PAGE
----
Today is gorgeous. The sun is beaming and it's not too hot. After I get the house to the point where I can relax about it, Z and I are going to see the flowers at the Eastman House. I could use seeing some flowers today. They bloom whether I'm having a good day or not. I need to feel that way. Z can't be a victim to my bad days. It's not fair. God, this is hard sometimes.

Tuesday, June 14, 2011

Paranoia and Spirituality

Z and I are back from the gym and the park. I just ate a brownie. Hmmm. We left the park early after a man slowly made his way towards us. I felt like he was closing in...and since we were alone, I felt we needed to go. Better safe than sorry. Ellison Park is huge. It seemed odd that we were the only ones in that area. It reminded me of a story my mom tells about when we lived in Topeka, KS. I was probably 10. We were in line at Taco Tico (I miss Taco Tico) and a "strange" man walked in. I don't remember him. Mom said she got an odd feeling and told Wendy (15) and I that we needed to go. I didn't question it. Who knows. I do feel that if you have a strange feeling about something, you might as well trust your gut. I don't think many do. Who cares if you offend someone. So many women have been abducted because they didn't trust their gut. (And that's my Oprah moment of this post.)

It's gorgeous out. Not hot. 65 degrees I think. But the sun is shining and that alone makes me just want to be out in it. I used to worship the sun. My skin has paid for it. I have tons of freckles on my shoulders. I wish I didn't have any. We just aren't very aware of our bodies when we're young. We abuse it. We drink too much, don't sleep enough, run our joints into the ground by pounding on pavement and cook our skin until we look like leather dolls. (Ok, I'm exaggerating a bit) Living life seems to be hard on our bodies. They wear out and finally give out. It's a strange thing to think about. We just suddenly stop. Well, our bodies do. I'm a spirit person, so I feel we just go on. Jason isn't sure. I think he thinks it all stops and that's it. I don't know for sure, but I hope not.

While your heart is still beating today...go out and enjoy the evening if the weather is right. As we were walking I knelt down to Z and said, "Take a deep breath in!" (I showed her how and she mimicked) "Ahhh...fresh air! It feels good!!" She just laughed at me.

 **** By the way--
I heard today that Paul McCartney is playing Wrigley Field in Chicago this summer. I've seen him 6 or 7 times now. He's my absolute favorite. If he's playing near you--GO SEE HIM. Even if you don't know a single song. Talk about a spiritual experience. It's "tripping the live fantastic" and I highly recommend it to feed your soul.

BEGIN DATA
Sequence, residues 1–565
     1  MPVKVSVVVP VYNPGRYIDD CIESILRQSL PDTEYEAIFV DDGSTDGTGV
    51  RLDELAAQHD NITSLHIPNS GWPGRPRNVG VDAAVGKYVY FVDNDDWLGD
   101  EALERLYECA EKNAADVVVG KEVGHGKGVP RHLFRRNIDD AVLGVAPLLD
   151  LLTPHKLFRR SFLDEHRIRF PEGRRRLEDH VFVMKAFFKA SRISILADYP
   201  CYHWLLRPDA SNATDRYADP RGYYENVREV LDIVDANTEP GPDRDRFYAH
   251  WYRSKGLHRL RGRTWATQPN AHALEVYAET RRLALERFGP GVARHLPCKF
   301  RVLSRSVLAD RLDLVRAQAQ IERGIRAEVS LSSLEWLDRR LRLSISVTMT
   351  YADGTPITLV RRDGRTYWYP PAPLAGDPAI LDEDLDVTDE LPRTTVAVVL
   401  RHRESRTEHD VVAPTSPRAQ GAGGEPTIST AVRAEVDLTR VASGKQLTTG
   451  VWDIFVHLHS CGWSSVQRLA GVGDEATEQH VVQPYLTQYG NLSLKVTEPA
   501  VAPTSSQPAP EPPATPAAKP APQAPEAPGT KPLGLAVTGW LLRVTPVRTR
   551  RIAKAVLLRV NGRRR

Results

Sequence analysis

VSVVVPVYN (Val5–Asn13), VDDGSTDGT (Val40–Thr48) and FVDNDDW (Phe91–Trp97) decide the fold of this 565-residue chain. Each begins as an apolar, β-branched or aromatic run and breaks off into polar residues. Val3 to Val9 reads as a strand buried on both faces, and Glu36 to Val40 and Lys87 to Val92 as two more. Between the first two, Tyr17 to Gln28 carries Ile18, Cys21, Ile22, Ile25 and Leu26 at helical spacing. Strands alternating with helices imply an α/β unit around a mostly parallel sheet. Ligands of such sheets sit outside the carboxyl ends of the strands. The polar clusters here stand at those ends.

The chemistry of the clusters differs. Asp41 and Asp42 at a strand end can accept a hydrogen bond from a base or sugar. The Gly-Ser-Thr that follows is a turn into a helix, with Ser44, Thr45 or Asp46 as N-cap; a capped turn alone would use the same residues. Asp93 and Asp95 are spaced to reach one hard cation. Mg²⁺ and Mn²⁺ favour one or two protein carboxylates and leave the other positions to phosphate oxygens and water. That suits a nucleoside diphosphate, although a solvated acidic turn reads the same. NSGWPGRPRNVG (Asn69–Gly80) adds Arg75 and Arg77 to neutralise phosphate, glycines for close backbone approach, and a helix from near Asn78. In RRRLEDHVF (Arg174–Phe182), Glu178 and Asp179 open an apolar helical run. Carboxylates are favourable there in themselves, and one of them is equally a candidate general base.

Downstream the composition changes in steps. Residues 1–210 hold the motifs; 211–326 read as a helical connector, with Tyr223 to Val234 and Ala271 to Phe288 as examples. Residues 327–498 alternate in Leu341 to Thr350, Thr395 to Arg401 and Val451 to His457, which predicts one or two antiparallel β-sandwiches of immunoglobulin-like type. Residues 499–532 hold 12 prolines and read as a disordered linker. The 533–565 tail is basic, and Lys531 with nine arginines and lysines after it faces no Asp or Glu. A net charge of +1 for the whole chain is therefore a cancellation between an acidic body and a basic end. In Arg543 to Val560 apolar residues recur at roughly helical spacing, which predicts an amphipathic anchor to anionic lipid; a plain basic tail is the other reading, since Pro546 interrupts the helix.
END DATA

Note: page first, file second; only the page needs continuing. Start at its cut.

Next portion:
Monday, June 13, 2011


The Jazz festival is going on this week. I've never been to one. I've lived in such jazzy cities even--Kansas City and Chicago...but no festival. Hmmm. Rochester actually has quite jazz scene. I'm impressed by the talent that comes here. Little Z isn't so much on sitting and enjoying music. I'm playing some jazz in the house to make up for not going today. It's so pretty out. The sky is bright blue. We all walked to the gym today at noon. Beautiful. I'm still listening to Jane Fonda and found myself lying on my yoga mat listening to her voice and staring out the window at the trees. It was so calming. Some of the cotton is blowing around. I try to take in as much of the beauty of the outside as I can. I try to take snapshots to remind myself how lucky I am. Life is crazy and I forget how nice it is just to have the sun shining on your face and shoulders. I get really caught up in making sure the house is tidy and I forget about what is really important. My head gets jumbled and my chest gets so tight when things aren't just so. I seemed so much more free as a kid--but probably just unaware and careless. Yes, I'm more serious now rather than just dramatic. I get wrapped up in nonsense now. I see my day as a failure unless I've done something productive. I can't just lie about anymore. In the evenings it is easier. But, as some strange ritual, I have to make a mental checklist of all I've accomplished in the day in order to justify my couch potato evenings.